By Diana Donlon for The Atlantic
The National Climate Assessment, released this week, predicted increasingly negative impact of weather extremes on crops. But with industrialized farming as a key player in greenhouse gas emissions and climate change, the vicious cycle needs breaking.
This past year treated us to a climate change preview in spades: crazy heat waves, prolonged drought, and epic storms like Sandy. To help us stabilize the climate, before we reach the point of no return, we must tap the immense potential of our food system.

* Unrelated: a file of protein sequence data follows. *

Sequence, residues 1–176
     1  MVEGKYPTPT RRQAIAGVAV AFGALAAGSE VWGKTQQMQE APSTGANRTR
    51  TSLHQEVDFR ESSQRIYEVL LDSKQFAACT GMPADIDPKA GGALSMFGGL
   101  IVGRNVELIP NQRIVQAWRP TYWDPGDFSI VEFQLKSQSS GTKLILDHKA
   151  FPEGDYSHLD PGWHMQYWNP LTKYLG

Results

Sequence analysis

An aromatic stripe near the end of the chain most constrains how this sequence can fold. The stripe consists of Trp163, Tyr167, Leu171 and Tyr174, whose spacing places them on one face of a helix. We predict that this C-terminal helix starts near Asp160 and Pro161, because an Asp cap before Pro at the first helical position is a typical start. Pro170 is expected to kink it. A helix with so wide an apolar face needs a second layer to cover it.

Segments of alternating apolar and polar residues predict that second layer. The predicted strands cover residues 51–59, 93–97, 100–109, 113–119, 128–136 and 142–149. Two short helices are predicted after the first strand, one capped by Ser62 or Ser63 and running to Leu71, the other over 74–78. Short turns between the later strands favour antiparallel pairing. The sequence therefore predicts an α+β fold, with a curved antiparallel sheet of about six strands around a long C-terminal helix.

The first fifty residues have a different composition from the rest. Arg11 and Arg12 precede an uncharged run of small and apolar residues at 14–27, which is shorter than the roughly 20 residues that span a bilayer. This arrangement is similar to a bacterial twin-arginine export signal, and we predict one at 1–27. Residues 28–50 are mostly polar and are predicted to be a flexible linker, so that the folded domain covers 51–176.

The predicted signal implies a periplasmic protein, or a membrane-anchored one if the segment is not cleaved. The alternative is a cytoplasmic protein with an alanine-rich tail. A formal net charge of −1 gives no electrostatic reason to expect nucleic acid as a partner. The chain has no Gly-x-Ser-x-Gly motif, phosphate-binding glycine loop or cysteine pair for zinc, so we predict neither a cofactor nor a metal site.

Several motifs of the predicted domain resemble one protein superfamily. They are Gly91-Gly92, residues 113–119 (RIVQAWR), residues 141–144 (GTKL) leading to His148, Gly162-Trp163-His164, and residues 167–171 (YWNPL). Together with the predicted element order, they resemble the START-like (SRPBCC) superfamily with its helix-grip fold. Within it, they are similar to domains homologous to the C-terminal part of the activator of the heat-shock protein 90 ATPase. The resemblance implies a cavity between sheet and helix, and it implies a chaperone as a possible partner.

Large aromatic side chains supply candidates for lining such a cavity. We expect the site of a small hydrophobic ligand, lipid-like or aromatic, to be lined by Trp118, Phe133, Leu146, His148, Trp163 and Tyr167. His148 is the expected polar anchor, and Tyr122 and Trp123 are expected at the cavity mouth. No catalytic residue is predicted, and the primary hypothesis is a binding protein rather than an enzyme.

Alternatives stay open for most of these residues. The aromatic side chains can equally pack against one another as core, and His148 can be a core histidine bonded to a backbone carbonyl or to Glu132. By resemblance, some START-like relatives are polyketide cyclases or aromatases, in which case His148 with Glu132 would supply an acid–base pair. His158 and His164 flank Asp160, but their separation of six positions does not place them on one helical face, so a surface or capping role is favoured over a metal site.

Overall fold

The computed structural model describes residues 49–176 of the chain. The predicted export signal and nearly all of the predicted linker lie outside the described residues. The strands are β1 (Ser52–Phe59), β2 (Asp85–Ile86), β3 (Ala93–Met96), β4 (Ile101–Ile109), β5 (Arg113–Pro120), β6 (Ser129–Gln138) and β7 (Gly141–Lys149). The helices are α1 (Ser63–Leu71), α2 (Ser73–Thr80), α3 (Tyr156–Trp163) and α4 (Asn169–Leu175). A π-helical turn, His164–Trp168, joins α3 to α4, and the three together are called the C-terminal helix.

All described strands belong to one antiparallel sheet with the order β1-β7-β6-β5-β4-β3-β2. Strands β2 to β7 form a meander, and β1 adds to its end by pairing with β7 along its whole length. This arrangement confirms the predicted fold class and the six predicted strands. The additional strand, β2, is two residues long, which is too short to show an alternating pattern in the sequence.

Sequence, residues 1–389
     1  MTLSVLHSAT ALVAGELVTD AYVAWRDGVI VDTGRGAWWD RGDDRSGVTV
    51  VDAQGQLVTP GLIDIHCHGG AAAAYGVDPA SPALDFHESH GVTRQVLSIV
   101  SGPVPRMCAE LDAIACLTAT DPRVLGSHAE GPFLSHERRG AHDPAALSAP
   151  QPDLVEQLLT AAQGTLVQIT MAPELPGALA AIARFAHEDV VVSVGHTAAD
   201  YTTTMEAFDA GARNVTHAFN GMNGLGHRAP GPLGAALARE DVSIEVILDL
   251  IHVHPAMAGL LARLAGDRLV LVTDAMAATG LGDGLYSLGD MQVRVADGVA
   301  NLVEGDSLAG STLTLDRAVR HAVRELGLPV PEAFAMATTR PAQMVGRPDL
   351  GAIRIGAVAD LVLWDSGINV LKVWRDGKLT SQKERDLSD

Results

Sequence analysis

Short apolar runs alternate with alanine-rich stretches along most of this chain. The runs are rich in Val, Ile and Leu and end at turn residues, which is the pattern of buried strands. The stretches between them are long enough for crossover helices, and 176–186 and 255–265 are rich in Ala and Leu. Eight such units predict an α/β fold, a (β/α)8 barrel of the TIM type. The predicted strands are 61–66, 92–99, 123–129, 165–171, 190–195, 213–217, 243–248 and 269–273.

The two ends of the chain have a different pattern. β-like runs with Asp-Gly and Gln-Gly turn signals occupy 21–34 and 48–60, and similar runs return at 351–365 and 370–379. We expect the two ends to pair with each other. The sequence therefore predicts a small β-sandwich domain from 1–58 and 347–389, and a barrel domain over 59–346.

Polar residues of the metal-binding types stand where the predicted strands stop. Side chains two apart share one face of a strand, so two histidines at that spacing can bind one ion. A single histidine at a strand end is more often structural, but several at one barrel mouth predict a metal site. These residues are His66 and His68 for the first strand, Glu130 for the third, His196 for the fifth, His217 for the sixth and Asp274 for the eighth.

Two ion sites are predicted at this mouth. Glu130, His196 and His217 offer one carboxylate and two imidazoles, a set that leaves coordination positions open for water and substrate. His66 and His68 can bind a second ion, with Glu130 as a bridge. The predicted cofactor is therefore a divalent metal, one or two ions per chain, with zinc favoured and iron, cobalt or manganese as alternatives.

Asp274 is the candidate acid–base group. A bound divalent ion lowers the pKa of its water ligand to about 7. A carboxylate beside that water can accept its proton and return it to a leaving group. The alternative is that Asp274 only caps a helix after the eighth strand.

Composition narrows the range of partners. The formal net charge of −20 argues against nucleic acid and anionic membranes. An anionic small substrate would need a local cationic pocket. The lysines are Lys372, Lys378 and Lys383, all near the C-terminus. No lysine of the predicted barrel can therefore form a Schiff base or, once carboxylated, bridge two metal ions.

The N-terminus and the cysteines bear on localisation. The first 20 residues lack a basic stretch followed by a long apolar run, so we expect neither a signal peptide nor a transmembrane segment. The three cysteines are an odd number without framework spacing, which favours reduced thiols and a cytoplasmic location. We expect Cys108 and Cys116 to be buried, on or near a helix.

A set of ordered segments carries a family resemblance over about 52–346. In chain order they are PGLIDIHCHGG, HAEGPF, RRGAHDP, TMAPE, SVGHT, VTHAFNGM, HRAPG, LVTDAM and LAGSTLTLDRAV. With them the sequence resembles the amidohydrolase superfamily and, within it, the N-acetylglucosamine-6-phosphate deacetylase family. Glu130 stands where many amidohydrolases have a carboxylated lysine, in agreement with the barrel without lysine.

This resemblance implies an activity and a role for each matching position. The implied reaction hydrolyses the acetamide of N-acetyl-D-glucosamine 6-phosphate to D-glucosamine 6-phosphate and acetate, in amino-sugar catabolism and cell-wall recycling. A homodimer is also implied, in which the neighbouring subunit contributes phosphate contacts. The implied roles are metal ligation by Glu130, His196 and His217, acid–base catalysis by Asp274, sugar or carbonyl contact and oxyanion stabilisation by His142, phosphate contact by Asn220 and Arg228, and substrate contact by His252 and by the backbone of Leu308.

Since becoming an agrarian society, we’ve known that growing food successfully depends on climate stability. Not enough water, crops wither and die. Too much, they rot. Beyond this, we know that crops have specific climatic requirements.